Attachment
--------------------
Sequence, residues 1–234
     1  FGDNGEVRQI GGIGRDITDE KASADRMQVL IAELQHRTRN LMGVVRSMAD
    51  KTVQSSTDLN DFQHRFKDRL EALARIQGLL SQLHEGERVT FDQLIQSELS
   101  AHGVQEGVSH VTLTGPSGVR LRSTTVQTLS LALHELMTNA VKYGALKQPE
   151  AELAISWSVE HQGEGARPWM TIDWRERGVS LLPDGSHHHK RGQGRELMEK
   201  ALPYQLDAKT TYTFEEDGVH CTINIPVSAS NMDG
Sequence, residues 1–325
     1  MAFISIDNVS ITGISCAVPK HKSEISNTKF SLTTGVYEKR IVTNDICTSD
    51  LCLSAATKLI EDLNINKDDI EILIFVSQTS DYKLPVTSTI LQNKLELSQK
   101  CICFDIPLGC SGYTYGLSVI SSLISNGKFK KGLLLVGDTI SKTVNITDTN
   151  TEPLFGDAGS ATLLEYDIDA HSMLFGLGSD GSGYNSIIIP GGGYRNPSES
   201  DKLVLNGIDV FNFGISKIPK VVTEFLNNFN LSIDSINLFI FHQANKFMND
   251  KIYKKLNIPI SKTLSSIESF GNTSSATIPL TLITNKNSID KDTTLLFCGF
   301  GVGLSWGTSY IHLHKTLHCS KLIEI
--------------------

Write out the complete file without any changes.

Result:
Sequence, residues 1–234
     1  FGDNGEVRQI GGIGRDITDE KASADRMQVL IAELQHRTRN LMGVVRSMAD
    51  KTVQSSTDLN DFQHRFKDRL EALARIQGLL SQLHEGERVT FDQLIQSELS
   101  AHGVQEGVSH VTLTGPSGVR LRSTTVQTLS LALHELMTNA VKYGALKQPE
   151  AELAISWSVE HQGEGARPWM TIDWRERGVS LLPDGSHHHK RGQGRELMEK
   201  ALPYQLDAKT TYTFEEDGVH CTINIPVSAS NMDG
Sequence, residues 1–325
     1  MAFISIDNVS ITGISCAVPK HKSEISNTKF SLTTGVYEKR IVTNDICTSD
    51  LCLSAATKLI EDLNINKDDI EILIFVSQTS DYKLPVTSTI LQNKLELSQK
   101  CICFDIPLGC SGYTYGLSVI SSLISNGKFK KGLLLVGDTI SKTVNITDTN
   151  TEPLFGDAGS ATLLEYDIDA HSMLFGLGSD GSGYNSIIIP GGGYRNPSES
   201  DKLVLNGIDV FNFGISKIPK VVTEFLNNFN LSIDSINLFI FHQANKFMND
   251  KIYKKLNIPI SKTLSSIESF GNTSSATIPL TLITNKNSID KDTTLLFCGF
   301  GVGLSWGTSY IHLHKTLHCS KLIEI